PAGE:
This is my final blog from the RSC symposium on synthesis in organic chemistry, and it’s been great. The undoubted highlight came last night, when Ian Fleming (now an emeritus professor) gave a brilliant overview of his career, describing all the influences that culminated in his famous work on the use of silyl groups in organic synthesis.
Starting from his work as grad student, he presented the highs (and occasional lows) of his career with wit and candour. He began his working life in the 1950s, at a time when state-of-the-art spectroscopy meant IR and combustion analysis was often the linchpin of your analytical data. NMR had only just been invented and was only to be used “if you were desperate”, as he put it. And if you did get an NMR, you needed good eyesight, because the resulting spectra were smaller than dollar bills. Even a couple of decades later, 10 g of sample were still required for a carbon-13 NMR experiment.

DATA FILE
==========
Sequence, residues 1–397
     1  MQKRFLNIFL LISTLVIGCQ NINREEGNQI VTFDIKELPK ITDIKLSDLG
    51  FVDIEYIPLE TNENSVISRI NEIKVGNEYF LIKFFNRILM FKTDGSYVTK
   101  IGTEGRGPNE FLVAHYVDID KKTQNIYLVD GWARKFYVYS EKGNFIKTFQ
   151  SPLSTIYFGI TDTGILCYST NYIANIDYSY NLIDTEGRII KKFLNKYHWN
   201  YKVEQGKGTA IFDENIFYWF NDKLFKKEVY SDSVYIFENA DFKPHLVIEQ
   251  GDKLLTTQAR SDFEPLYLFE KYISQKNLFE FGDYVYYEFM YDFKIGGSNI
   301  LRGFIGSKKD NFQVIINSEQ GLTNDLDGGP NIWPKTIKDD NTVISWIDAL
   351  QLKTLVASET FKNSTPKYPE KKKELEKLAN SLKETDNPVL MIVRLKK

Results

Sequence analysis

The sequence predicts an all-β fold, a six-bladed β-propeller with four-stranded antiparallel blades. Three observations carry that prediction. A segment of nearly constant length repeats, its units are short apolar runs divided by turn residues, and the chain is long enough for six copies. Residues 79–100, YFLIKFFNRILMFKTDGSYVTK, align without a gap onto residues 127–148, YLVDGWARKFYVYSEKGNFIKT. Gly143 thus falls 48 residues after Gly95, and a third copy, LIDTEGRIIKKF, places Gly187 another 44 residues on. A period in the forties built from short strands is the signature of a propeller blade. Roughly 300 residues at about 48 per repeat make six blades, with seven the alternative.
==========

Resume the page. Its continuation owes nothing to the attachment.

It was a fascinating story, peppered with amusing anecdotes – for example, as a grad student, he had to cover all his samples with watch glasses, to stop his PhD supervisor from absent-mindedly tipping ash into them from his pipe. And it was fascinating to get the inside story of some of the historic achievements in organic chemistry – such as Woodward’s synthesis of vitamin B12.
Fleming spoke for 90 minutes and was rewarded with a standing ovation – not something that I’ve ever seen before at a chemistry conference. It was an evocative description of a bygone era, delivered by one of the last remaining gentleman chemists, and I felt privileged to witness it.
So, thumbs up to Cambridge. The next meeting in this series will be in two years time – I heartily recommend it, and I hope I’ll see you all there!
Andrew Mitchinson (Associate Editor, Nature)